The Supreme Court reversed the decision of the Court of Appeals. Barnes’ claim for the resumption of temporary total disability payments had to be brought within two years of the last weekly payment of benefits. Even if his injury was “catastrophic” and he could get TDD benefits indefinitely, Barnes still had to apply for them within two years of the last payment to enforce his rights. His fictional new injury claim was also untimely because it was not brought within one year of the end of his employment in September 2009. The court explained, “The fact that Barnes sought additional remedial treatment in December 2011 did not revive his claim that had already become time barred in November 2010.” It noted that allowing injured employees to revive stale claims by seeking remedial treatment after the statute of limitations has run conflicts with the goals of closure and finality that are part of the workers compensation system.
S15A0516 Mays v. Southern Resources Consultants, Inc.
In a unanimous opinion by Presiding Justice Hines, the Supreme Court reversed a trial court’s decision to grant temporary injunctive relief in part and vacated the other portions of the injunctive order. The underlying case was a business and trade secrets dispute that arose after the Georgia Department of Health and Developmental Disabilities allowed a Home Health Provider to continue serving an individual (S.F.) in the Department’s care following a change of the Residential Service Provider. Southern Resources Consultants (SRC) was the terminated Residential Service Provider, and Mays ran the home and cared for S.F. for both SRC and its successor. SRC filed suit for breach of confidentiality and non-compete provisions in its contract with Mays and for protection of trade secrets.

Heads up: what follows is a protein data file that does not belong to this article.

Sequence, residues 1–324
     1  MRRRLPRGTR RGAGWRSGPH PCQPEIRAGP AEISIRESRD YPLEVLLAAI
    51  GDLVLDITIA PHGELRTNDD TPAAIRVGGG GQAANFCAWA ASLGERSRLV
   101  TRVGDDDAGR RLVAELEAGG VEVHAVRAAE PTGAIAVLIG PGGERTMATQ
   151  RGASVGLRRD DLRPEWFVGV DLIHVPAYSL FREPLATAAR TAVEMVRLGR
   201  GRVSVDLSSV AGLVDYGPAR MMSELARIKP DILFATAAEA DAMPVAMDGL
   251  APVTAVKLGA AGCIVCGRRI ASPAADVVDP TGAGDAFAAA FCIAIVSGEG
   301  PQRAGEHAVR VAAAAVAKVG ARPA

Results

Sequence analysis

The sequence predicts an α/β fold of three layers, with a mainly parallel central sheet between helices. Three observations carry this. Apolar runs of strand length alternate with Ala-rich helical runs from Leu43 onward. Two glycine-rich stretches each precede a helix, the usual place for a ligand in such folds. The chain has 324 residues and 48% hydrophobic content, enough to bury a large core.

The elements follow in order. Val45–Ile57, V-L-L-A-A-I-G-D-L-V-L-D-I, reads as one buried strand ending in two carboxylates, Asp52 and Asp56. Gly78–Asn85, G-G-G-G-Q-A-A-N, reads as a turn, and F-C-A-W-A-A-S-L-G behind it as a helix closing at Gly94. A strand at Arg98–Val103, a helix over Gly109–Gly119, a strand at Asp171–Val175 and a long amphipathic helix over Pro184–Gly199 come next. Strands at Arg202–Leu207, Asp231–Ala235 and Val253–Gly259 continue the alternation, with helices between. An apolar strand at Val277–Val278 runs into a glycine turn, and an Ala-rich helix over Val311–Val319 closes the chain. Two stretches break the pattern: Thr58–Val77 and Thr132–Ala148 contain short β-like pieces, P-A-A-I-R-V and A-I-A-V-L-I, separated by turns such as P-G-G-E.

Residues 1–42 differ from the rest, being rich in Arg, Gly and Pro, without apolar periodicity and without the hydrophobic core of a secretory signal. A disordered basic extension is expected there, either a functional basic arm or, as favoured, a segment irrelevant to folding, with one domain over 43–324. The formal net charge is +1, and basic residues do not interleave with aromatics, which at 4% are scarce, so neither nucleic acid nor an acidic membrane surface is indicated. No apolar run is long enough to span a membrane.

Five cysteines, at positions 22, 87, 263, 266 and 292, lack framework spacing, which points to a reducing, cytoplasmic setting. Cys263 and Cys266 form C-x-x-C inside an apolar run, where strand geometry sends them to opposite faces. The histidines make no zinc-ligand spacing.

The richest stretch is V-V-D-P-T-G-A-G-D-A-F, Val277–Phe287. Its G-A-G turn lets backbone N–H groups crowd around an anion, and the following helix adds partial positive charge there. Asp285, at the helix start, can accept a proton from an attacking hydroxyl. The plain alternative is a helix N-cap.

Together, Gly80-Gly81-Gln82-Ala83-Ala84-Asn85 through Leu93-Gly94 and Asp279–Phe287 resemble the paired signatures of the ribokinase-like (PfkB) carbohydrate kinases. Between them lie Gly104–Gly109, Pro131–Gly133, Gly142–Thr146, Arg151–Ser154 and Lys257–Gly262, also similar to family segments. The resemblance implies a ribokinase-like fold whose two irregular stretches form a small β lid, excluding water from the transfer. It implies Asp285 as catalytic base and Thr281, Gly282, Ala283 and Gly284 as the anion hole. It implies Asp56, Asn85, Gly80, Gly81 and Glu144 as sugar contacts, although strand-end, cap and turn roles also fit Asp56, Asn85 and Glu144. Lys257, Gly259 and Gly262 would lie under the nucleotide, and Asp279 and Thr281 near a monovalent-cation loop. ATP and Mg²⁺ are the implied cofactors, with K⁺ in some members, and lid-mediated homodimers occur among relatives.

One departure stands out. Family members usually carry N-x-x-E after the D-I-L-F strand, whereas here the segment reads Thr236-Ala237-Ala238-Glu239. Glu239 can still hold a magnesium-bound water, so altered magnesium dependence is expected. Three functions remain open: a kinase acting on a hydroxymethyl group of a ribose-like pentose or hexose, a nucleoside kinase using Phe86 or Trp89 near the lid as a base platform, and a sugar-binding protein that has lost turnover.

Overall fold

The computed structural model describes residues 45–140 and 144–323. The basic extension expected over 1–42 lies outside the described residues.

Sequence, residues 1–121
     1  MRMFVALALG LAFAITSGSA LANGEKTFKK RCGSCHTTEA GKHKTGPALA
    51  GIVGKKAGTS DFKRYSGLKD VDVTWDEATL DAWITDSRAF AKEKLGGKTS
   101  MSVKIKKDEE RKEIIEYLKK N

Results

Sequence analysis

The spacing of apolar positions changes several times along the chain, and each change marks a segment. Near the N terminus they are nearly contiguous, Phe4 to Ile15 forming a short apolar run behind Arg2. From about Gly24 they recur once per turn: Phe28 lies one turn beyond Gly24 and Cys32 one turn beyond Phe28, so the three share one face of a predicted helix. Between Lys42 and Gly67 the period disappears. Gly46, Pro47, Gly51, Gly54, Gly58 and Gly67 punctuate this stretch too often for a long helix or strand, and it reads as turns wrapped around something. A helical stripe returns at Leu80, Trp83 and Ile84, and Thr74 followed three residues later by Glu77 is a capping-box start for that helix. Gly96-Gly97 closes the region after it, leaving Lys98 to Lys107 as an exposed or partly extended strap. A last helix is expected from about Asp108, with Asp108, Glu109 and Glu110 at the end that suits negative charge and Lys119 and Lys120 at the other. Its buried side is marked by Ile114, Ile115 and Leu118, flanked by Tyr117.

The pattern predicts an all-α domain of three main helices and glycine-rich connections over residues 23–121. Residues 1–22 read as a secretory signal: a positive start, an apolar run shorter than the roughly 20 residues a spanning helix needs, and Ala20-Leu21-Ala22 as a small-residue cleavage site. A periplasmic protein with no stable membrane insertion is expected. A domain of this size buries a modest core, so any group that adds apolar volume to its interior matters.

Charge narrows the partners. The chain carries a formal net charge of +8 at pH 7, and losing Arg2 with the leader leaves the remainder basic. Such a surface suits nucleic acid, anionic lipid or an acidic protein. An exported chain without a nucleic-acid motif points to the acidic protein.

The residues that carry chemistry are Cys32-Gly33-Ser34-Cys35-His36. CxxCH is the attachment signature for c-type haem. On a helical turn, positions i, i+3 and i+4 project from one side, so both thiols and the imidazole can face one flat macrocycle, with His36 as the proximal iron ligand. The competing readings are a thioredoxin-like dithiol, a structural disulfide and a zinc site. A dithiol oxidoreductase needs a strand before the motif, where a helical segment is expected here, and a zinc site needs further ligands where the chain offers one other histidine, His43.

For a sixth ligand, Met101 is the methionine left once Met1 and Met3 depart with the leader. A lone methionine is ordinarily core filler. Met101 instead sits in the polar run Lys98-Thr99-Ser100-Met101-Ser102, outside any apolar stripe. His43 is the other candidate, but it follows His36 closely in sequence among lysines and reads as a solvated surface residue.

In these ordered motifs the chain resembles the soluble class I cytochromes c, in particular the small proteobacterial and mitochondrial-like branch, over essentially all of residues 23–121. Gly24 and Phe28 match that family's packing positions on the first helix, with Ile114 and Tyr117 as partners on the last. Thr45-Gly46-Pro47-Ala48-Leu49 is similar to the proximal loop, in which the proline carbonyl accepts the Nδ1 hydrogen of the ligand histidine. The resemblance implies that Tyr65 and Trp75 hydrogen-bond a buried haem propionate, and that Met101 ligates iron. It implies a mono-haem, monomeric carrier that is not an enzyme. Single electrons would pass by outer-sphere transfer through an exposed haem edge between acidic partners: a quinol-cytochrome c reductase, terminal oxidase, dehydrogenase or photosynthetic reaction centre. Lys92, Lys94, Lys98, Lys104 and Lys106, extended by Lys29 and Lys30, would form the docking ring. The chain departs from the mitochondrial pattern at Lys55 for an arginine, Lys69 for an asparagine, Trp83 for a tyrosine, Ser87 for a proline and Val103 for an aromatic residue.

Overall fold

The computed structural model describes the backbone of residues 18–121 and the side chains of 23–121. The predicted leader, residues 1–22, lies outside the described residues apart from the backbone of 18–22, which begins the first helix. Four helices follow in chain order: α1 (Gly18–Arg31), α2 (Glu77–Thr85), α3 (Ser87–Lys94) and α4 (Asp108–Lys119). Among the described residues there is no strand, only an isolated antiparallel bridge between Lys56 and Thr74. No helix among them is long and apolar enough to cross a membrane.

The trial court entered temporary injunctive relief directing Mays not to possess or distribute SRC’s confidential information, to stop providing services to S.F., and not to possess or distribute S.F.’s personal information. Mays appealed from the entry of the injunction, and the Supreme Court reversed the first portion of the injunction and vacated the other portions as moot. With respect to SRC’s confidential information, the Court found that Mays had already returned it before the injunction was entered, so the trial court’s direction to her to do it was a nullity. In addition, the Non-Compete provision in the parties’ contract had expired by its terms, so the rest of the injunction was moot. The Court remanded the case for further proceedings.